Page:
Author: Phil Edwards
It’s likely you may have heard of Rev. Richard Johnson – he was the first to preach the gospel on Australian soil in Sydney on 3 February 1788. The arrival of the Word of God on our shores was hugely influential in the shaping of modern Australia, resulting in many of the good things we enjoy today. When you consider its true significance, perhaps it should really be marked with a public holiday!
Well, on a recent trip to Thursday Island, I was surprised to learn that there is indeed a public holiday in Australia that celebrates the arrival of the gospel, backed by a story of incredible transformation that is sadly little known in our nation.
Thursday Island is right at the very tip-top of Australia, 30km from the tip of Cape York in Queensland on the Torres Strait. The islands were named after Luis Vaes De Torres, a Spanish explorer who, in 1606, sailed through the Torres Strait but never claimed the area for the Spanish.
From Retribution Killings to Peace
With hundreds of Islands surrounded by beautiful blue waters, the Torres Strait is a special place, but in the 1800’s it could also be a scary place to be. Horrific conflicts and retribution killings between different island groups were commonplace, and the area was being grossly exploited by outsiders. But half a world away, a group of missionaries felt called by God to put aside the comforts of home to travel to what must have seemed like the ends of the earth to bring light into the darkness.
So, on 1 July 1871, Reverend Samuel MacFarlane and South Sea Islander evangelists and teachers from The London Missionary Society arrived at Erub Island. They were met by a Warrior Clan elder who initially saw them as a threat and confronted them – no doubt he was willing to slay them to defend his people. However, as a sign of humility, McFarland dropped to his knees and presented a Bible as a gift. The warrior accepted the Bible, and with this act of kindness, Christianity was first introduced to the people of Torres Strait.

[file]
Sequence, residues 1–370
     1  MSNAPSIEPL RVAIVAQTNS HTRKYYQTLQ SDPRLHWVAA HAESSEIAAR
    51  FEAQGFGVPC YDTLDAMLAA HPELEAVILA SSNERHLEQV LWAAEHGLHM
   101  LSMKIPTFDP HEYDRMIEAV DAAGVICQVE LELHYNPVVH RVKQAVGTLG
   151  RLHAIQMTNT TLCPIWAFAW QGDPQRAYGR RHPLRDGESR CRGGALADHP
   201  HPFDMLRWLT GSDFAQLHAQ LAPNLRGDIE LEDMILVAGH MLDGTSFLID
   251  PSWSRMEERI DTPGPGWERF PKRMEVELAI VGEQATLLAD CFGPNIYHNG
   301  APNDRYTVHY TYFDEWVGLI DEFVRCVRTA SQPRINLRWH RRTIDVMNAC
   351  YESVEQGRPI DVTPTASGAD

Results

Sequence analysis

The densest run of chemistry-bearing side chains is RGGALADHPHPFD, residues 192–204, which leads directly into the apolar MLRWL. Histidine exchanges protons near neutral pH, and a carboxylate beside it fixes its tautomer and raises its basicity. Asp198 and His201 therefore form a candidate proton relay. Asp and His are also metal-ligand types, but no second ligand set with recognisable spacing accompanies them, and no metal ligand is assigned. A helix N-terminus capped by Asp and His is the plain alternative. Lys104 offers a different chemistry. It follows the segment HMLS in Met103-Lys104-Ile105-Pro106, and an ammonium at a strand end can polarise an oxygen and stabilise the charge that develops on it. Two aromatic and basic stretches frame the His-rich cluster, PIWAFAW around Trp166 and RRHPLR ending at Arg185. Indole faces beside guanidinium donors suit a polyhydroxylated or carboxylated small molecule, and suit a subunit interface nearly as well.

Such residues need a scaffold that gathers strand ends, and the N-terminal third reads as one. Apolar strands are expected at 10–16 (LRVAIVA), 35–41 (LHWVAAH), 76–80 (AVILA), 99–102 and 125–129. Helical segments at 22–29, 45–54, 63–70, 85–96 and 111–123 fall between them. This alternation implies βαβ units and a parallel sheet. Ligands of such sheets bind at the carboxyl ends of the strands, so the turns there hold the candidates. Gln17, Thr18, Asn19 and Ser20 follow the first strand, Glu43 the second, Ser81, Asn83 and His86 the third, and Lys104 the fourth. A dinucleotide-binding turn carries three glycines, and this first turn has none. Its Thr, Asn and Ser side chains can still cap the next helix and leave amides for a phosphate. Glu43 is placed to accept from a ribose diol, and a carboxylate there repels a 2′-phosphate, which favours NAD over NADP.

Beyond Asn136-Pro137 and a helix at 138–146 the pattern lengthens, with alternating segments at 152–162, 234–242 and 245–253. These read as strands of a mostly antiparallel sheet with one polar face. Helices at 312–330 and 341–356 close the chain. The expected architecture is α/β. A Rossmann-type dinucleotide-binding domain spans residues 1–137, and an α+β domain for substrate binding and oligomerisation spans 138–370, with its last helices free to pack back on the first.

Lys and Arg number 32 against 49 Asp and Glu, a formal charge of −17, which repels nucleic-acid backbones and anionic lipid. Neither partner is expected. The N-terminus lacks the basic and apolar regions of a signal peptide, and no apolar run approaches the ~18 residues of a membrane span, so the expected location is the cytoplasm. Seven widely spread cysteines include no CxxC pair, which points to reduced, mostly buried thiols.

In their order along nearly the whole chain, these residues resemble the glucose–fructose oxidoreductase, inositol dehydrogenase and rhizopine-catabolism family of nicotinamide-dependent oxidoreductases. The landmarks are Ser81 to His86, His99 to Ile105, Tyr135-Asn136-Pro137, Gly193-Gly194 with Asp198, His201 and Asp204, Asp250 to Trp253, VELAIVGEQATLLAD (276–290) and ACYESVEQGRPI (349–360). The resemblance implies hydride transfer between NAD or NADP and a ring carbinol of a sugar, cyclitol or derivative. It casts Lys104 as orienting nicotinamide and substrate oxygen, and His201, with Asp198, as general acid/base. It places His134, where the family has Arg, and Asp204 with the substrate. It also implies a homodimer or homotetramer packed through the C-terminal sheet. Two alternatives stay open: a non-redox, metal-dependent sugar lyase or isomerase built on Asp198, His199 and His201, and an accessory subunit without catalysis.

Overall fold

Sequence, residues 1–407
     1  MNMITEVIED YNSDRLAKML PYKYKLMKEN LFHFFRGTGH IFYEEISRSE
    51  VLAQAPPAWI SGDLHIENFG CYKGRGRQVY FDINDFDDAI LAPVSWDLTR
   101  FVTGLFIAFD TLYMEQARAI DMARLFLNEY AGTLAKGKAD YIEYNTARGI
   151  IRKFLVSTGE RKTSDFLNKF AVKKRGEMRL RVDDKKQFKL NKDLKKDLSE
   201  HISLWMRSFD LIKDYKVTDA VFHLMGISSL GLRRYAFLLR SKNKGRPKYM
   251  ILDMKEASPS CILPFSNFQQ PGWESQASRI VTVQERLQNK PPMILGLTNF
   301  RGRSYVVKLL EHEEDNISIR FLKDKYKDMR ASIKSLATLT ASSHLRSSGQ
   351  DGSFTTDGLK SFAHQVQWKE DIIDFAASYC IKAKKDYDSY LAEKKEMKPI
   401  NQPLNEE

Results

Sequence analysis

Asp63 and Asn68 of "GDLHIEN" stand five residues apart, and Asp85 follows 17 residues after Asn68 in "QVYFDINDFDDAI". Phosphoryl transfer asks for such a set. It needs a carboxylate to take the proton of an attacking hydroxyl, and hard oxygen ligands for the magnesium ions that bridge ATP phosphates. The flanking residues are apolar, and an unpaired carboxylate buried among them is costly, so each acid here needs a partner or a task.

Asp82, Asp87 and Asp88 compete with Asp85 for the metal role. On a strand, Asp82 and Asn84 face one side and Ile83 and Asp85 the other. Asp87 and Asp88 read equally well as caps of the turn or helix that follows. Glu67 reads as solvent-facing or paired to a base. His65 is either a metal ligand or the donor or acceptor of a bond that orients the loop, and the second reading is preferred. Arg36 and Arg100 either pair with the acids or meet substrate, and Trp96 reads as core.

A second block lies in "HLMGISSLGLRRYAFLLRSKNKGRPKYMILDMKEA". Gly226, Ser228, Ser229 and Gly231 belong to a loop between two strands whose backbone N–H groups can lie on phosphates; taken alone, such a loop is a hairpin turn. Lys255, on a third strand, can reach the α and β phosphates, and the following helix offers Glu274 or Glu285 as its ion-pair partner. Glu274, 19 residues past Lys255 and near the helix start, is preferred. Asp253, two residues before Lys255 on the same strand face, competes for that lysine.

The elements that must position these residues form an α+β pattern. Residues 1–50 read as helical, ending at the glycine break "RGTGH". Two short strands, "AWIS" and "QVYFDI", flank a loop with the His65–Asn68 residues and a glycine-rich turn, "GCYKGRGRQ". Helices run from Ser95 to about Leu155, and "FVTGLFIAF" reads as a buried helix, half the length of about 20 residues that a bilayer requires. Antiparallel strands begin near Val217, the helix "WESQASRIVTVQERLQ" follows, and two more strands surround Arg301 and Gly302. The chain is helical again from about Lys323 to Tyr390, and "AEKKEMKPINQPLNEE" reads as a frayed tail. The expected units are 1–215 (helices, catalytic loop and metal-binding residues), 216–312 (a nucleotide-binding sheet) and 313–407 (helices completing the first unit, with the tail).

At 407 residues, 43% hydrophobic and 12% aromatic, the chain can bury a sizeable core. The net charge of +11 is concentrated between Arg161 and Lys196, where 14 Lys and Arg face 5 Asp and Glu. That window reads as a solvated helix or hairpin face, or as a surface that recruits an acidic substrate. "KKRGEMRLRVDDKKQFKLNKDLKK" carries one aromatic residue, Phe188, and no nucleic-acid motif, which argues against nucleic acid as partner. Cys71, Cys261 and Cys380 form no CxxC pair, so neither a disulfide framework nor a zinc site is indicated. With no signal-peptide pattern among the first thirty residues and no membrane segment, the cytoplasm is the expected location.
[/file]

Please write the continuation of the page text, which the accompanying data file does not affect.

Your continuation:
Christianity was quickly embraced by the people, and an amazing thing followed – the conflicts and killings previously commonplace stopped.
The Coming of the Light Festival
The significance of the Coming of The Light is remembered and celebrated each year with a Public Holiday on Thursday Island (which, by the way, is the administrative centre of the Torres Strait and home to 37 different State and Federal Government departments – all of which also observe the day!). The Coming of the Light Festival is a major event where memorial candles are lit, hymns are sung, and there is a re-enactment of the missionaries’ arrival, dancing and feasting. It represents coming out from darkness into light and symbolises an awakening after spiritual darkness.
This was my first trip to the Torres Strait, and I was so encouraged to learn about this part of our history. I was equally grateful for these missionaries who positioned themselves so willingly to be used by God in a place where the ministry I lead (Vision) is working alongside local believers to keep sharing this life-changing truth of the gospel using the opportunities we have today, just like these missionaries used the opportunities before them all those years ago. Our aim is the same – to help people look to God and walk the daily journey together, encouraging, affirming and challenging as we bring the light of Christ into today’s dark places. That’s very special!